Fig 2: Principle and set-up of lockin thermography with ultrasonic excitation.
Another established method is the use of short sonic bursts for sample excitation (17) (Figure 3). The spectral components of that signal and the following cooling down period provide information about defects in almost the same way as Lockin technique but with reduced measuring duration. As the characteristic defect signal is contained in a limited spectral range while the noise typically is distributed over the whole spectrum, one can reduce noise as well. That kind of evaluation technique using Fourier or Wavelet transformations is also applicable to flash light excited thermography (18-20). The signal to noise ratio of ULT and UBP images (and hence defect detectability) is significantly better than just one temperature snapshot image in a sequence (21, 22).
Fig 3: Principle of ultrasound burst thermography.
The following example confirms that high frequencies probe only near-surface areas while low frequencies with their larger depth range provide information about defects deeper inside the component. Thus depth resolved mapping of defects can be performed with only one measurement.
For this demonstration we manufactured a sample which had four delaminations in various depths between 0.2 mm and 2.2 mm. After an ultrasonic burst of 100 ms duration had been applied the resulting temperature sequence was evaluated at different frequencies. In the phase image at 3 Hz (Figure 4a) only the defect next to the surface causes a change in the phase angle. At 1 Hz (Figure 4b) already three delaminations in depths from 0.2 mm to 1.5 mm become visible. At 0.5 Hz (Figure 4c) all defects appear. At an even lower frequency (0.1 Hz, see Figure 4d) the image contrast is reduced due to lateral diffusion effects.
Fig 4: UBP images of a CFRP sample with delaminations in different depths. Excitation: 1 kW, ultrasonic frequency 20 kHz, burst duration: 100 ms.
Due to the signifance of non-destructive inspection for safety-relevant structures we applied these techniques (OLT, ULT, and UBP) to various CFRP components of aircraft. The results using this defect-selective technique will be described below.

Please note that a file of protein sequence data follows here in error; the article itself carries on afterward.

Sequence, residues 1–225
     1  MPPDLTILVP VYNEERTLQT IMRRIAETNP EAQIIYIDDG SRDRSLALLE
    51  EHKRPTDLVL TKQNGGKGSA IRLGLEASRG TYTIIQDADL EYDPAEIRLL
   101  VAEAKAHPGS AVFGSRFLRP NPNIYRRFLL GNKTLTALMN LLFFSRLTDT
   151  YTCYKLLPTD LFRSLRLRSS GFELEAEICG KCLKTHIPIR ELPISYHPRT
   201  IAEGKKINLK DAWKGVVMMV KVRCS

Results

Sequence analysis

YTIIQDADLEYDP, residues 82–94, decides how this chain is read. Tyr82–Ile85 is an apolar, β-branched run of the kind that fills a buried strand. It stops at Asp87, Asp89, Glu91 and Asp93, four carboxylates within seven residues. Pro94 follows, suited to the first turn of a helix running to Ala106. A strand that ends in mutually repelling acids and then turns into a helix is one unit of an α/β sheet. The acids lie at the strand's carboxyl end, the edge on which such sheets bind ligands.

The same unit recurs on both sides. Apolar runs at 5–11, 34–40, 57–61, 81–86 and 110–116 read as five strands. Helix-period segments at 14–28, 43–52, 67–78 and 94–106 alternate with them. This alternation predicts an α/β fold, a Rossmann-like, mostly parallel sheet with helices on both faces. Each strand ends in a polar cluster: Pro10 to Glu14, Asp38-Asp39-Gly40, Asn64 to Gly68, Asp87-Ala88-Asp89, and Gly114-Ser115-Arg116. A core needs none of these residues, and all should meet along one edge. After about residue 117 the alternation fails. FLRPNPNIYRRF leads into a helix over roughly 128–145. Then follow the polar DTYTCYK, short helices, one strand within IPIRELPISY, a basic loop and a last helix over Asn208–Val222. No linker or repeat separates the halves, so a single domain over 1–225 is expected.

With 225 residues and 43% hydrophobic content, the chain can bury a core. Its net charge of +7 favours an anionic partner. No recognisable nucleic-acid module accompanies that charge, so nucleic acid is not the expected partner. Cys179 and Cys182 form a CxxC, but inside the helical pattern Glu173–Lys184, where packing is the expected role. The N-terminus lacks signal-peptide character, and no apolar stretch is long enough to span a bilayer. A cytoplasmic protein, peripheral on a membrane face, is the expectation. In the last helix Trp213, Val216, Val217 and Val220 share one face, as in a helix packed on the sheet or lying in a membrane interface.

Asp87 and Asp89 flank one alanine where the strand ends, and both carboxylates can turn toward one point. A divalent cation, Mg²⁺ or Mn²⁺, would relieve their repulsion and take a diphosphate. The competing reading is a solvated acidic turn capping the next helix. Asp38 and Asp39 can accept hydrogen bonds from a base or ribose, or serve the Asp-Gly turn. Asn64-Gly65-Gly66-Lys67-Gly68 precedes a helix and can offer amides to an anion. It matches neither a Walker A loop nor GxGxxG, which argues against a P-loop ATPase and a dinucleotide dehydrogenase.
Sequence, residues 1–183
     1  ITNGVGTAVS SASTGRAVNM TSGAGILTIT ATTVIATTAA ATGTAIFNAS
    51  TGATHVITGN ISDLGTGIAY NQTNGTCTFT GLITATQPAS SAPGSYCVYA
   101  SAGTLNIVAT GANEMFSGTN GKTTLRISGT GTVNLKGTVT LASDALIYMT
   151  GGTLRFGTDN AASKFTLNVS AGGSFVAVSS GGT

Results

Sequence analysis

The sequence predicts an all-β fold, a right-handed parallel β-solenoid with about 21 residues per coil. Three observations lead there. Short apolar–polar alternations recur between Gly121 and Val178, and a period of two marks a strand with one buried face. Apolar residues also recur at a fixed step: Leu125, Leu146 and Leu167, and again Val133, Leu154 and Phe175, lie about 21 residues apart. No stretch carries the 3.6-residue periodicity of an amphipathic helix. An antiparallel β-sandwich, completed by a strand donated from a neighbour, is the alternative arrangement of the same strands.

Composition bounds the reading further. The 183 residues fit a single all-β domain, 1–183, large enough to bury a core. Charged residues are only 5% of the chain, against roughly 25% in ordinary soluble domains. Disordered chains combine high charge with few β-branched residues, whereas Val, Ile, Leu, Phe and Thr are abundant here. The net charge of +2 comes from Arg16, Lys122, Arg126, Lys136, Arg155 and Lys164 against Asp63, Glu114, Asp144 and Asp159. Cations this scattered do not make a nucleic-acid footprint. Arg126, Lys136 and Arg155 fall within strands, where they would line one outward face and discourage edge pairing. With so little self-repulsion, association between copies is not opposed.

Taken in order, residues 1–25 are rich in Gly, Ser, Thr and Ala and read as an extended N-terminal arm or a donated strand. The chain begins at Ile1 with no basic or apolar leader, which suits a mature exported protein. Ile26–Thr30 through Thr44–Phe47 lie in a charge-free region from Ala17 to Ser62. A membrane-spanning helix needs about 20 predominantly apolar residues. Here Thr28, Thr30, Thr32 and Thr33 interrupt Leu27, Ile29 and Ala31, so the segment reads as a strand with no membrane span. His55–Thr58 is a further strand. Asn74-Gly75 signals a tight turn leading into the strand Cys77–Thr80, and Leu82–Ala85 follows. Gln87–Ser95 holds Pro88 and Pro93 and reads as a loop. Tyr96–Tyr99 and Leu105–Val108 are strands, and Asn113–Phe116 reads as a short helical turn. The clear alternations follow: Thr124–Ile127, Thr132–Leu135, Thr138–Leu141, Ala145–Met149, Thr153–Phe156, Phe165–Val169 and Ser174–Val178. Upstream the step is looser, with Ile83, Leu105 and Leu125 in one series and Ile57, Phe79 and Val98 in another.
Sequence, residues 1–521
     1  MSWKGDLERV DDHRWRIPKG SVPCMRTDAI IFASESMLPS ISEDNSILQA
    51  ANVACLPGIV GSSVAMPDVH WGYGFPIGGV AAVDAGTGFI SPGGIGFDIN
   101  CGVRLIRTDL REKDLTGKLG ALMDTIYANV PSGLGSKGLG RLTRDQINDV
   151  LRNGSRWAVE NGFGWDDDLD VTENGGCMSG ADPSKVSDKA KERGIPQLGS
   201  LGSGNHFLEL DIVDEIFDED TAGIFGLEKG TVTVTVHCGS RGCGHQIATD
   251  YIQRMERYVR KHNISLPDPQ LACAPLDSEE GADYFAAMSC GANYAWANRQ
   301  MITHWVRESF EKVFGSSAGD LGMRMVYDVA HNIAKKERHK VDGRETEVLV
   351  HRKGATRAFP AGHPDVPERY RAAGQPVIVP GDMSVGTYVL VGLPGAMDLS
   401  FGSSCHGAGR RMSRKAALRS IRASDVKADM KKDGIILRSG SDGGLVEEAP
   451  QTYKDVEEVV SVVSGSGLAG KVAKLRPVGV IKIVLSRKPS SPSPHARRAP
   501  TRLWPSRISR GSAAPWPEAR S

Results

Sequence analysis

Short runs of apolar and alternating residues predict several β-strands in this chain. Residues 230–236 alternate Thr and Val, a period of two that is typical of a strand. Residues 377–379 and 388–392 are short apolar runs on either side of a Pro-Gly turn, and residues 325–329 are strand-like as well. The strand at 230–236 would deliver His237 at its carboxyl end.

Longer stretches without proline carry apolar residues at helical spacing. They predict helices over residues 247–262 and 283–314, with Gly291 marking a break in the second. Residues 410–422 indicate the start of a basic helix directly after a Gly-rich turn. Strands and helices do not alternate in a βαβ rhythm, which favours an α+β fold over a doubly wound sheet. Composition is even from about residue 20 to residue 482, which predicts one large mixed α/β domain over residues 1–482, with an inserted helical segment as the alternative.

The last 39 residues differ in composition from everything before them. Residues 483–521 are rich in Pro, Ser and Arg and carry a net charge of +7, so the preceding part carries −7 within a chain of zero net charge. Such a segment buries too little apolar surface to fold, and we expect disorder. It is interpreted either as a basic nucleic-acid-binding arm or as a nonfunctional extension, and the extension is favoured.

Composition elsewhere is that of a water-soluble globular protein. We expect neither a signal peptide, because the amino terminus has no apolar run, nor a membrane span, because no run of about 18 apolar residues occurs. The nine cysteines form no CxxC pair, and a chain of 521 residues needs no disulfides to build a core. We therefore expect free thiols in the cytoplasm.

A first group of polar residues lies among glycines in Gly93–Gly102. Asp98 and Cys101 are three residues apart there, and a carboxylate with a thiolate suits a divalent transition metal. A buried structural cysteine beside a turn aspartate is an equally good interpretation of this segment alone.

Ruptures, delaminations, and cracks in CFRP stringer structures
Stringers are used if stiffness needs to be enhanced along a certain direction. Stringer disbond caused e.g. by excessive loading therefore results in a loss of structural stiffness. Therefore one is highly interested to detect such defects early enough to prevent failure.
Ruptures of stringers in aerospace components are a serious problem because this kind of damage is almost invisible from the outer surface of an aircraft for most non-destructive testing methods, since stringers are hidden behind a panel. The access from inside the aircraft is difficult and time consuming.
The CFRP structure to be inspected had ruptures in its stringers as shown in Figure 5a schematically. The damage was covered by a CFRP skin with a thickness of more than 6 mm. While stringer delaminations can be detected with Optical Lockin Thermography (13), the depth range of optically generated thermal waves is not sufficient to reveal hidden stringer ruptures (Figure 5b). Ultrasound Lockin Thermography (Figure 5c and 5d) and Ultrasound Burst Phase image (Figure 5e) can reveal the rupture in the left stringer clearly. The damage in the right stringer is too far from the surface (30 mm), therefore it remains undetected even with sonic excitation.
Fig 5a: CFRP stringer structure thickness of skin: 6 mm. Laminated stringer (thickness 5 mm, height 48 mm). Ruptures are marked white.
|b) Optical Lockin Thermography Phase image at 0.01 Hz, 200 seconds acquisition time||c) Ultrasound Lockin Amplitude image at 0.01 Hz, 400 W, and 100 seconds acquisition time||d) Ultrasound Lockin Phase image at 0.01 Hz, 400 W, and 100 seconds acquisition time||e) Ultrasound Burst Phase image at 0,0485 Hz, burst length 5s, 400 W|
|Fig 5: Comparison of different phase images of ruptures in a aerospace component|
Another example is the flap shown in Figure 6 where the results of OLT and ULT are compared. While OLT displays the whole structure where the small effect of the defect readily escapes attention, a small white spot in the ULT image indicates a crack and a delamination in the stringer underneath the intact CFRP-skin.
Fig 6: Comparison of OLT and ULT images of a delamination caused by a crack